For small businesses, though, the loss of supply can be crippling, sometimes forcing a business to shut down operations temporarily or even permanently. Not all supply and demand changes are driven by the market. Sometimes companies in order to stimulate demand will limit the supply of a product. For example, Apple will sometimes limit supply of its new phones to carriers in order to drive demand higher. But primarily supply and demand is driven by the economics of markets.

In addition to supply and demand, price and quality in a market can be driven by competition. This is when businesses attempt to sell similar products at the same time. They will compete on price and quality, often improving quality while reducing price in the process. Competition comes in multiple variations there are in fact four degrees of competition. There is perfect competition, which is an industry market structure characterized by a very large number of firms selling a homogeneous otherwise identical product. Commodities such as oil or soybeans are examples of such a product.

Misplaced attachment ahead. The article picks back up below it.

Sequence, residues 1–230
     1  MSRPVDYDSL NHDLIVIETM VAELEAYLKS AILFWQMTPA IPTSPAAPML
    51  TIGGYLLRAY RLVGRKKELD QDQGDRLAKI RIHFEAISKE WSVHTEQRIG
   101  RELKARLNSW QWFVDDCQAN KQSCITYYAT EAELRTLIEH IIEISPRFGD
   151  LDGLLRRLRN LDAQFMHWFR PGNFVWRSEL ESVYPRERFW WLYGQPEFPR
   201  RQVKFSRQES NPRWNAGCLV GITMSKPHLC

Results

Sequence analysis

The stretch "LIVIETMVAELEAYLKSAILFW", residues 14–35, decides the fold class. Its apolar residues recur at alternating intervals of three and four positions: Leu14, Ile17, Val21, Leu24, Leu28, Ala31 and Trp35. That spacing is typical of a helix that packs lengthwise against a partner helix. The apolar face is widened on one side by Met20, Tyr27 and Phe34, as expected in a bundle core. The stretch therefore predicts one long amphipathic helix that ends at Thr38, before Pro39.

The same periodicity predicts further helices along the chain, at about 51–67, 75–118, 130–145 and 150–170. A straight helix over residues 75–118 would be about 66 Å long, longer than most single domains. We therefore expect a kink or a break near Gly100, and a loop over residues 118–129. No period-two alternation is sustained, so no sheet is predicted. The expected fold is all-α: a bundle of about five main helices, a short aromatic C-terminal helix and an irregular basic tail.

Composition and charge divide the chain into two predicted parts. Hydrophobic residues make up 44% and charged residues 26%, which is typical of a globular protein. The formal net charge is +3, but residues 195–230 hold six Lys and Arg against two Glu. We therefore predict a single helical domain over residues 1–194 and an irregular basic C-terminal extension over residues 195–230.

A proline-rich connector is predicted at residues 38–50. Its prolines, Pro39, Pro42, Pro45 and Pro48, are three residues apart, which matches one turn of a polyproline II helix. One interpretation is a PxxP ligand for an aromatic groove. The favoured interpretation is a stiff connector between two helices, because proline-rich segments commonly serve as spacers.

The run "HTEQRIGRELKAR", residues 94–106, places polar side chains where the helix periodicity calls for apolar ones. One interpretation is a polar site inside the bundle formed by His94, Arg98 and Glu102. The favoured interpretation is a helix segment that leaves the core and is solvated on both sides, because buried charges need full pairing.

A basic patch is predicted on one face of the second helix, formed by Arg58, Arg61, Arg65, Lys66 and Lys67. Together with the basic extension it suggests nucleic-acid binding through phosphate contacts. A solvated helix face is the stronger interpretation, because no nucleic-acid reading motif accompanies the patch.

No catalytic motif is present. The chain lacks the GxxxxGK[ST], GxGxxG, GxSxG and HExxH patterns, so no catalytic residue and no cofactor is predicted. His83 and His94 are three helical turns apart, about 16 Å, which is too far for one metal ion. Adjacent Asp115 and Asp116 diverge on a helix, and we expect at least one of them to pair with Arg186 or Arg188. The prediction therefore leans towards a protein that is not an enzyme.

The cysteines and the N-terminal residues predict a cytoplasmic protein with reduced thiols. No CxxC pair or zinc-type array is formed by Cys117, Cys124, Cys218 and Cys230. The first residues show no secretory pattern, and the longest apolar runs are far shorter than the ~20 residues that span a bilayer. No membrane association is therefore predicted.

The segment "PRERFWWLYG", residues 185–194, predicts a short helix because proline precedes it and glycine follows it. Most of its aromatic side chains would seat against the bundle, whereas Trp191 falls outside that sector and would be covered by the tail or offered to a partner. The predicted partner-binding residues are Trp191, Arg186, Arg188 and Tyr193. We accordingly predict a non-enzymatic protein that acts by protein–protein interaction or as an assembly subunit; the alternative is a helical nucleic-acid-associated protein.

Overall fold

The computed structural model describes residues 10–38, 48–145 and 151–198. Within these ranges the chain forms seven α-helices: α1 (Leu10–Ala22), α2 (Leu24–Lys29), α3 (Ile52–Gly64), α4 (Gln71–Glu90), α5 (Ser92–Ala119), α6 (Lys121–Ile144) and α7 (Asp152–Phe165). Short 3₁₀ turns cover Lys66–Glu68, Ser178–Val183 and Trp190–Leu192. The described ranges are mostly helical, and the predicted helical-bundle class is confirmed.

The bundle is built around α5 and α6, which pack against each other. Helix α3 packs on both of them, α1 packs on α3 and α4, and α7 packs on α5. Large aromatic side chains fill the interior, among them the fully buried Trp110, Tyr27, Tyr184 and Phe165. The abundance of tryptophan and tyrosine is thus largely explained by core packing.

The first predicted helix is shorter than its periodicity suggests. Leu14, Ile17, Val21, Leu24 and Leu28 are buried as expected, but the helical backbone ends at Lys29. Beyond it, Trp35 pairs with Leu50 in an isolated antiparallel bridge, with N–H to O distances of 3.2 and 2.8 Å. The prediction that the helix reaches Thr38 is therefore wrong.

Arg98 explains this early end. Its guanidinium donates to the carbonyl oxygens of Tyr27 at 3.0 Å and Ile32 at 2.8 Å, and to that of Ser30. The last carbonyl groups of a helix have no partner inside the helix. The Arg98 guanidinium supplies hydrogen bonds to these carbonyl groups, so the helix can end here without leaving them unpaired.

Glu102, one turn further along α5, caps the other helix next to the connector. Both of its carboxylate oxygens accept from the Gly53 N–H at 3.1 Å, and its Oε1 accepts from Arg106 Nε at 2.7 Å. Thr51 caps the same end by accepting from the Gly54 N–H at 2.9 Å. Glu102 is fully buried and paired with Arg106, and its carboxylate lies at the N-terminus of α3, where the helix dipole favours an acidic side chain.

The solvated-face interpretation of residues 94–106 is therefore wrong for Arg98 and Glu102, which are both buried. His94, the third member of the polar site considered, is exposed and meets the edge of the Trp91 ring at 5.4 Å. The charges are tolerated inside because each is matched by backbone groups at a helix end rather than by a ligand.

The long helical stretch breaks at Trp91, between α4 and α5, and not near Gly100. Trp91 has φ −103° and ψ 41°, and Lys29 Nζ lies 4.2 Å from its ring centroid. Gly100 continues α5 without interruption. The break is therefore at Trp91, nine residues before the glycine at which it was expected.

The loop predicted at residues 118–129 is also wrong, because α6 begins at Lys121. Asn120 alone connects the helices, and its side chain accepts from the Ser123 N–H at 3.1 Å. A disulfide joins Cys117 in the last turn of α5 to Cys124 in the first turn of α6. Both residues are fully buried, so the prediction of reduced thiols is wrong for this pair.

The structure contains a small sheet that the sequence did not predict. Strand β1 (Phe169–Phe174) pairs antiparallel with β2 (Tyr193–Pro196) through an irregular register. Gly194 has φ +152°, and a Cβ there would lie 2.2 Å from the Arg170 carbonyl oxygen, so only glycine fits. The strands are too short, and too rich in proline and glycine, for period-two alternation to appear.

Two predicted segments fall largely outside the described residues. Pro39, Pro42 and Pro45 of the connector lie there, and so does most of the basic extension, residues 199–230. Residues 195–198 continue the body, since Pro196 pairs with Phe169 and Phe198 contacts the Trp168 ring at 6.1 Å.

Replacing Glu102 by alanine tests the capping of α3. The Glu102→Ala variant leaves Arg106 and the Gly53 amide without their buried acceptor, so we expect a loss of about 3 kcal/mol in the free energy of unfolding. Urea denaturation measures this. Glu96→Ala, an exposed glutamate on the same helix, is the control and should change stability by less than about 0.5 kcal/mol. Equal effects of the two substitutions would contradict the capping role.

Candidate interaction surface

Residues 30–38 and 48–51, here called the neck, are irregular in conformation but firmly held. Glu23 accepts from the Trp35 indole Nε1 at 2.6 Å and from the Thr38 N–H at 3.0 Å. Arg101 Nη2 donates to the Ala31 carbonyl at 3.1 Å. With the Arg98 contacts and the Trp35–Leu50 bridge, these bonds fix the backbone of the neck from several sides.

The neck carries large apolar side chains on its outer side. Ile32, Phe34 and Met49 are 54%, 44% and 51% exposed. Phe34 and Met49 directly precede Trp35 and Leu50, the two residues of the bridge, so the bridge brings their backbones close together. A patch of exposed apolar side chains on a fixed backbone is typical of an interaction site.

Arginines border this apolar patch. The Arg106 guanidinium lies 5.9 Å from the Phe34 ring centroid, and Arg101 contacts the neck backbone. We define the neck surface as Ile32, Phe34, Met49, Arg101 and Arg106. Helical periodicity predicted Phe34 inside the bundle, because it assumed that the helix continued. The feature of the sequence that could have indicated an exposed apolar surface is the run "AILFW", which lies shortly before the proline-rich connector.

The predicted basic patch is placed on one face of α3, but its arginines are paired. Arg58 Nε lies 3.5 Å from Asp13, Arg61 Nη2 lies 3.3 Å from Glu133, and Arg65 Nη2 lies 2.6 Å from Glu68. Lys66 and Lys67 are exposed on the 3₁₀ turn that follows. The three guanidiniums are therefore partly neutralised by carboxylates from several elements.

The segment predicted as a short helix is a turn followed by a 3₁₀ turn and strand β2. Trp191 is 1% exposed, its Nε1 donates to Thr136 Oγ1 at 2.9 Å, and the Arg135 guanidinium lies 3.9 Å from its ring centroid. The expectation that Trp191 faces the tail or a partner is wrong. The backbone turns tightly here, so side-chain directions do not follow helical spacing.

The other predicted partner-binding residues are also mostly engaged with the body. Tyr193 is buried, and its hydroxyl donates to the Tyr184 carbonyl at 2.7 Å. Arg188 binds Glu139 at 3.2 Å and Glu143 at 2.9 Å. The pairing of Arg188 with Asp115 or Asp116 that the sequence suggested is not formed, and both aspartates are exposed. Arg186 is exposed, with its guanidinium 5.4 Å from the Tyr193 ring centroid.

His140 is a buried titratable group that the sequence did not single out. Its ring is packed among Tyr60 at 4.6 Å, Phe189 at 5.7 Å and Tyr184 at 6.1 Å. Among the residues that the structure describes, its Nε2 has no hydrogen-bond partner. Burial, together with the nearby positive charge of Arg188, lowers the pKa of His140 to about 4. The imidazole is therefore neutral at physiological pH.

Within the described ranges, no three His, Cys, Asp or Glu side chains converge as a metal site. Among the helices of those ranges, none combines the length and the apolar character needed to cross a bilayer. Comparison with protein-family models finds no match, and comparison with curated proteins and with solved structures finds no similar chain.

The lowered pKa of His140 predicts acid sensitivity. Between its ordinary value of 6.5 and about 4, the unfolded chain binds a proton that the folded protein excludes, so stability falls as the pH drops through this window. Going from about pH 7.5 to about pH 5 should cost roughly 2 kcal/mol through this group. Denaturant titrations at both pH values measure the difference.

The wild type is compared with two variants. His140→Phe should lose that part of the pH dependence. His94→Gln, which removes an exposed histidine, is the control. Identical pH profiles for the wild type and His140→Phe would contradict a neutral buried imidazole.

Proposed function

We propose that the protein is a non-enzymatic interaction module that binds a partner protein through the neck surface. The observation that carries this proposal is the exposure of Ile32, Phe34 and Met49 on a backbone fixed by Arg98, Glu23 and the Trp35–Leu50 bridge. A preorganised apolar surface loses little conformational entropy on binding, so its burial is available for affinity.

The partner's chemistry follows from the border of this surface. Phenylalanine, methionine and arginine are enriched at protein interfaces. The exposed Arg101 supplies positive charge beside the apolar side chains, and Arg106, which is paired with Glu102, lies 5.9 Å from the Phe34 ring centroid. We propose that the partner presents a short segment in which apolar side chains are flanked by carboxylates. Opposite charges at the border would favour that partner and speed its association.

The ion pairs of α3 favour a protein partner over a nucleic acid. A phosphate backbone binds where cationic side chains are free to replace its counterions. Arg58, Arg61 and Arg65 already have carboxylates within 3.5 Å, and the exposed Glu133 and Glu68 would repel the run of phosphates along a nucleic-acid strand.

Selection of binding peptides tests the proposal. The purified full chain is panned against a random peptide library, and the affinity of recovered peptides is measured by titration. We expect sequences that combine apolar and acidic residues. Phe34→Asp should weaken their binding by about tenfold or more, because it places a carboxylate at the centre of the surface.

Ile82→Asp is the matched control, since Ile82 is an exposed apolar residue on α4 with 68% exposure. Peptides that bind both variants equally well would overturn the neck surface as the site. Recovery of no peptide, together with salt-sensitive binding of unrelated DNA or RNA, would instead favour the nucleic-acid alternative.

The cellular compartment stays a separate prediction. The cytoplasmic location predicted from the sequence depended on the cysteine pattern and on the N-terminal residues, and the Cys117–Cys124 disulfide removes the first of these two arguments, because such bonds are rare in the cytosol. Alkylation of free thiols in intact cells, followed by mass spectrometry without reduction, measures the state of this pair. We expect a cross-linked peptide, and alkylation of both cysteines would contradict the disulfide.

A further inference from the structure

Monopolistic competition is a market structure characterized by a large number of firms selling similar products. A monopoly is characterized by one firm supplying a unique product to the entire market. Barriers will exist that prevent other firms from providing competition. And in an oligopoly, few firms will sell similar products, again limiting the competition that can help products improve.